Reflections on a long walk
The day after we reached Hull, feeling happy and sad to have finished, we left our hotel in Hessle and walked to the middle of the Humber Bridge, carrying the stones we had gathered from the tributaries along the way, and the water that we collected from our starting point in Mytholmroyd.
The stones were all from the early part of the journey when we could still climb down to the
water, and were collected from the Salterhebble, Red Brook, Black Brook, Ryeburne, Owler Beck, and Pildacre Mill Beck.
We stood at the centre of the bridge and thought about how far we had come, and how far the water had travelled from the source of the Calder in a spring above Todmorden, and from all those other springs and becks that feed the Calder, Aire, Ouse and Humber, each drop finding its way here to flow under the Humber Bridge.
The size of the river and span of the bridge were beyond comprehension as we thought of the place we had started in Mytholmoyd. Even in its most violent flooding, the Calder is a drop in this vast estuary. I found myself thinking – what multiple of our river would it take to form this vast expanse of water.
We had carried the water there by foot, but it belonged back in the river so we emptied the bottle over the railing. Then we dropped the stones one by one, naming their origin, and returned them to the river bed.
When we came to live in Mytholmroyd, it was our first experience of living away from the city, and being so close to the natural world. We crossed the river every day to the station or the bread shop or to see friends or to walk in the hills, and the river was an anchor in this new place. But within two years, the river had become something to fear after our first experience of flooding. Our walk had many purposes but one was to learn about the river, to put it into context and to become its friend again. And here, on this bridge, our home river was so small and insignificant, that it became something to nurture and protect.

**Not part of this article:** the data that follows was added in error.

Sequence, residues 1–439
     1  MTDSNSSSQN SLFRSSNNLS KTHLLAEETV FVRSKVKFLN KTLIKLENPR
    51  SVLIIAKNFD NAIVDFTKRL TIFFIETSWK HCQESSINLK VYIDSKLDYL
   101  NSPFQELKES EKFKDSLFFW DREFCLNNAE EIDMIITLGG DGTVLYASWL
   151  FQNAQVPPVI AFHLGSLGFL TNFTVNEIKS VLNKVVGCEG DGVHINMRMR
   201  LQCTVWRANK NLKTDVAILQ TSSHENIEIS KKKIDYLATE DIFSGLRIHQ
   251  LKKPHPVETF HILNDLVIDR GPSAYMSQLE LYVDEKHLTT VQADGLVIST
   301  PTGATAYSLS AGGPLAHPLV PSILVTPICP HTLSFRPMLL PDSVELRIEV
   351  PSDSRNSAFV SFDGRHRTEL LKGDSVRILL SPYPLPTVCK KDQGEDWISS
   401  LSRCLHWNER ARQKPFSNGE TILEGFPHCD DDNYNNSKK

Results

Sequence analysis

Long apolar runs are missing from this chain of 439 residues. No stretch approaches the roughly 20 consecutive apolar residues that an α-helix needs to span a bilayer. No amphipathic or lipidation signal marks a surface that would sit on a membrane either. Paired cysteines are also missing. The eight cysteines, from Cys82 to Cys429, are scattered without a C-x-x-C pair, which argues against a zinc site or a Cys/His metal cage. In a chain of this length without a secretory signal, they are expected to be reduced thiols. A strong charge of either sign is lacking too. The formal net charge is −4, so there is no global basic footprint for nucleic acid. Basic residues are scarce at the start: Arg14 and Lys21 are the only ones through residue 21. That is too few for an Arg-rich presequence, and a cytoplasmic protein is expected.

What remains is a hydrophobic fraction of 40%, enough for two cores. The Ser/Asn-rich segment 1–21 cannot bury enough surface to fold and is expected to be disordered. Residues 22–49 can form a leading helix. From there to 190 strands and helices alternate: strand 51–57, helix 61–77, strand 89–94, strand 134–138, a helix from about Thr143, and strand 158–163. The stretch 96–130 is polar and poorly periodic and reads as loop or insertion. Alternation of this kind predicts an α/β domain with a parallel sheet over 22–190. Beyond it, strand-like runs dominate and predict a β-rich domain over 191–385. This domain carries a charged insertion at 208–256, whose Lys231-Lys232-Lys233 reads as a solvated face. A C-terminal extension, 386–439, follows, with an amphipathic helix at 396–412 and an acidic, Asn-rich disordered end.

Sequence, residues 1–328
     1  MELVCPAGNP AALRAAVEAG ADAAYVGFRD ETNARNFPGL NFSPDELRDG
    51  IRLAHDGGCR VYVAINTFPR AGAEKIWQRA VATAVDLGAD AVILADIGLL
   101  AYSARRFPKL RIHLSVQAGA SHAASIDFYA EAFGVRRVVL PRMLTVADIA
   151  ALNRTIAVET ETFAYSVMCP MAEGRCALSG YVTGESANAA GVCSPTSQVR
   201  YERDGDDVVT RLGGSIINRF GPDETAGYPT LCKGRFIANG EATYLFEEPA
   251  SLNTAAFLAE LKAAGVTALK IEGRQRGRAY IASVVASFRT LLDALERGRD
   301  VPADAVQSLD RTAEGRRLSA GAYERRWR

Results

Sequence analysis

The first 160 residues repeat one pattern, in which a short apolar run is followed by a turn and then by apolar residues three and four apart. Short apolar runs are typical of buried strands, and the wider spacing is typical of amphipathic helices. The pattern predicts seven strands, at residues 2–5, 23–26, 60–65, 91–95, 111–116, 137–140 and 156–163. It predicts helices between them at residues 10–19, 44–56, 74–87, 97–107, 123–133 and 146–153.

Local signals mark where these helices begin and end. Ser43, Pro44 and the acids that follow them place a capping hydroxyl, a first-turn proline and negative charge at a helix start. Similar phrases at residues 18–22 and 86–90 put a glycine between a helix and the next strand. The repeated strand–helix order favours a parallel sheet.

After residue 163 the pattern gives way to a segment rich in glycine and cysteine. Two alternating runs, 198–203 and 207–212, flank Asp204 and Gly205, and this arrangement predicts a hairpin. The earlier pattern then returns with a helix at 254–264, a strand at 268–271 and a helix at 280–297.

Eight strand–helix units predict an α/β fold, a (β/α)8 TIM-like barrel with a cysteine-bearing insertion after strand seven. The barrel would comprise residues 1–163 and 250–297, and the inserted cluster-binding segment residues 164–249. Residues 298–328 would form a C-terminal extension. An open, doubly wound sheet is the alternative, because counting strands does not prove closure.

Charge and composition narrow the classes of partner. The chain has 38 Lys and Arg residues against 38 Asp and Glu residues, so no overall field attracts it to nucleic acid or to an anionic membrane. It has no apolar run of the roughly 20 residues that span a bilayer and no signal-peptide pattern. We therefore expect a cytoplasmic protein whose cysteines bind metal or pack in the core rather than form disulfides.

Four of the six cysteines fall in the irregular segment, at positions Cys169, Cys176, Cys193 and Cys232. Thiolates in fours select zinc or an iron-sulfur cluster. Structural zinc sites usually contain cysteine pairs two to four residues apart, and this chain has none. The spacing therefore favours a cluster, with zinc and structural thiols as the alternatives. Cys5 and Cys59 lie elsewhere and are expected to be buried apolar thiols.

The walk has been such a joy and privilege, but as we reach the end, we are horribly aware of the millions of people in Ukraine and other places in the world who are walking not for pleasure but for survival. We walked to regain a sense of connection with our home and the walk has told us something about the importance of place and belonging. Our sense of home has grown to take in the whole of this journey. We hope that those forced to leave their homes will find a new place of belonging for a shorter or longer time and we dedicate this whole walk to all those looking for a new place to call home.
Thanks for travelling with us through this blog. We will be taking a break for the rest of the year, while we focus on the creative work that has been inspired by this walk. Over the weekend of 29/30 October 2022, Annie will be exhibiting textile work from this project at Northlight Studios in Hebden Bridge, and we hope that this work will tour to some of the places we passed through on our journey. If you would be interested in showing the work please contact msannieharrison(at)gmail.com. Next year we will be back on the road, walking from our village to Liverpool, following the canal network and experiencing a different type of waterway. Until then, keep safe.